It is in your own interest to provide plans of good quality and clarity and so it is probably advisable to get help from an architect, surveyor, or similarly qualified person to prepare the plans and carry out the necessary technical work for you. You can obtain the necessary application form from the planning department of your local council and you will find that this is laid out simply, with guidance notes to help you fill it in. Alternatively, you can ask a builder or architect to make the application on your behalf. This is sensible if the development you are planning is in any way complicated, because you will have to include measured drawings with the application form.

Applying online via the Planning Portal? You can apply for planning permission online via the Planning Portal (www. planningportal.gov.uk The Portal’s service will also let you: ● ● ●

create a site location plan (compulsory for all applications); attach supporting documents (such as photographs); pay the application fee online (where enabled).

Local authorities working with the Planning Portal offer two different ways of applying for permission. ●



If your local authority has integrated its systems with the Portal you can complete the whole process online and pay for the application electronically (where enabled). If the council systems have not been integrated you can still use the Portal’s service to complete the application forms electronically then print and post them to your local authority. Some local authorities request up to five copies of the forms, so completing them electronically can save time and make sure there are no discrepancies.

The portal provides a detailed map and list of all authorities who currently allow applications on line.

Planning permission 117

4.14 What is the planning permission process? If you think you might need to apply for planning permission, then this is the process to follow:

Step 1 Contact the planning department of your council. Tell the planning staff what you want to do and ask for their advice.

Step 2 If they think you need to apply for planning permission, ask them for an application form. They will tell you how many copies of the form you will need to send back and how much the application fee will be. Ask if they foresee any difficulties which could be overcome by amending your proposal. It can save time or trouble later if the proposals you want to carry out also reflect what the council would like to see. The planning department will also be able to tell you if Building Regulations approval will also be required.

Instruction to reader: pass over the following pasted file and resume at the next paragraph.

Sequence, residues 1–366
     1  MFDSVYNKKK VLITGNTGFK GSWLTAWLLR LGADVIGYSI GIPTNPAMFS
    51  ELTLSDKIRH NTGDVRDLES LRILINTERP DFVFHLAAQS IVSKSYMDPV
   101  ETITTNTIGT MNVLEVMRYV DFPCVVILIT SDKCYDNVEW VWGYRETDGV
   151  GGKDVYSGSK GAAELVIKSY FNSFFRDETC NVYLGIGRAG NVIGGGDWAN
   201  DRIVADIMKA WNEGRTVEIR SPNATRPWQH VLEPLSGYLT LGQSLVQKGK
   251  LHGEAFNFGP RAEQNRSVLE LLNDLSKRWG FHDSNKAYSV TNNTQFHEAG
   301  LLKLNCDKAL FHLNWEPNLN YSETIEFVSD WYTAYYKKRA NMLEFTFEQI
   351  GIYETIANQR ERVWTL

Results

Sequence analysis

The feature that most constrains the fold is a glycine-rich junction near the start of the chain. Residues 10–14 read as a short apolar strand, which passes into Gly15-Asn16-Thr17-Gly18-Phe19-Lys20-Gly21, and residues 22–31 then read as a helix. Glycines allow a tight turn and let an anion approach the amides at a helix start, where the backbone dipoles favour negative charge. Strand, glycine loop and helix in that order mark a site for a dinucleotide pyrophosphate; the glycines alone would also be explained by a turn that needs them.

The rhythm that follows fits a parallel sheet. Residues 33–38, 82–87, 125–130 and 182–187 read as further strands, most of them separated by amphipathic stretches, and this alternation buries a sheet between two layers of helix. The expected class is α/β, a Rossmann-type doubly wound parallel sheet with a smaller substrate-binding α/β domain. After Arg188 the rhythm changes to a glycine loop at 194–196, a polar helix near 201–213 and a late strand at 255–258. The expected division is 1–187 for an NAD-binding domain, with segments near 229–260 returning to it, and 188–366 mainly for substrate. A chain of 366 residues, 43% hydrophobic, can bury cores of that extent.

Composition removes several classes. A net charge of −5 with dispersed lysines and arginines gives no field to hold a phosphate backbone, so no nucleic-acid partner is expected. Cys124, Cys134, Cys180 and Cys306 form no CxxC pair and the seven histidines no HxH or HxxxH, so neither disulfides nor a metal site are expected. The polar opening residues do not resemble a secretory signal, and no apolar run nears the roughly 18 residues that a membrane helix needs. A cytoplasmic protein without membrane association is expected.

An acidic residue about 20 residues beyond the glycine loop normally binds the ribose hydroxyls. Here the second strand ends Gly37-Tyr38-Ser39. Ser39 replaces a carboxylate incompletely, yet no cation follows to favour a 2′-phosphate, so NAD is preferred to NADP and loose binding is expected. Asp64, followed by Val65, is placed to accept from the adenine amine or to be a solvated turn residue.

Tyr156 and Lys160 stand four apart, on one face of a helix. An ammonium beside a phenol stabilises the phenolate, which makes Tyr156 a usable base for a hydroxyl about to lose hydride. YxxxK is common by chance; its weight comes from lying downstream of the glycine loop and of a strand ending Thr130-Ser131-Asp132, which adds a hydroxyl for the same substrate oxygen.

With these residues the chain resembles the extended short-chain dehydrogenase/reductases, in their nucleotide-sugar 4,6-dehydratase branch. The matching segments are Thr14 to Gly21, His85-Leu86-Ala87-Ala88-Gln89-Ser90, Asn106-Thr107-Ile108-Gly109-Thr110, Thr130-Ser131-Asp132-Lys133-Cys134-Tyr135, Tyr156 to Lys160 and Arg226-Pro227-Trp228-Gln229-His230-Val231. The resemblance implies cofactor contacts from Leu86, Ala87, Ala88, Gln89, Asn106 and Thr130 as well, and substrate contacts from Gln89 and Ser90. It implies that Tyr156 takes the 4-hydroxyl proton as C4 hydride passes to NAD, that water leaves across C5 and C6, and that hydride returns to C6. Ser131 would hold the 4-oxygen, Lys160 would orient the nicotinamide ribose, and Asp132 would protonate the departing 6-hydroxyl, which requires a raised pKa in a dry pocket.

Step 3 Decide what type of application you need to make. In most cases this will be a full application but there are a few circumstances when you may want to make an outline application – for example, if you want to see what the council thinks of the building work you intend to carry out before you go to the trouble of making detailed drawings (but you will still need to submit details at a later stage).

Step 4 Send the completed application forms and supporting documents to your council, together with the correct fee. Each form must be accompanied by a plan of the site and a copy of the drawings showing the work you propose to carry out. (The council will advise you on what drawings are needed.) Extracts from Ordnance Survey maps can be supplied for planning applications submitted by private individuals and for school/college use. There is usually a charge for this service.

Step 5 The planning department will acknowledge receipt of your application, and publicly announce it – via letters to the neighbourhood parish council and anyone directly affected by the proposal, by publishing details of the application in the local press, notifying your neighbours and/or putting up a notice on or near the site. The council may also consult other organizations, such as the highway authority or the parish council (or community council in Wales).

Contact planning department for advice (1)

Work can commence

Is planning permission necessary? (2)

No

Yes Decide on application type (outline or full application) Complete and submit relevant application form together with correct fee (3) and (4)

Council validates and confirms application

Council publish details of application (5)

Objections received

Council consider application, objections and appeals (6) and (7)

Permission is granted with conditions

Permission is granted

Application not decided in 8 weeks

Permission is refused

Are there grounds for appeal?

No

Yes Appeals process

Submit Building Regulations

Yes

Are Building Regulations required? No

Is application approved?

Yes Work can commence start work in the time limit and comply with conditions

Figure 4.2 Planning permission

Permission granted

Permission refused

Process ends

Planning permission 119 A copy of the application will also be placed on the planning register at the council offices so that it can be inspected by any interested member of the public. Anyone can object to the proposal, but there is a limited period of time in which to do this and they must specify the grounds for objection. Under the Local Government Act 1972 (as amended), the public have the right to inspect and copy the following documents: ●



the agenda for a council committee or sub-committee meeting; reports for the public part of the meeting; the minutes of such meetings and any background papers, including planning applications, used in preparing reports.

These documents can be inspected and copied from three clear days before a meeting. There is no charge to inspect a document but councils will charge for making photocopies.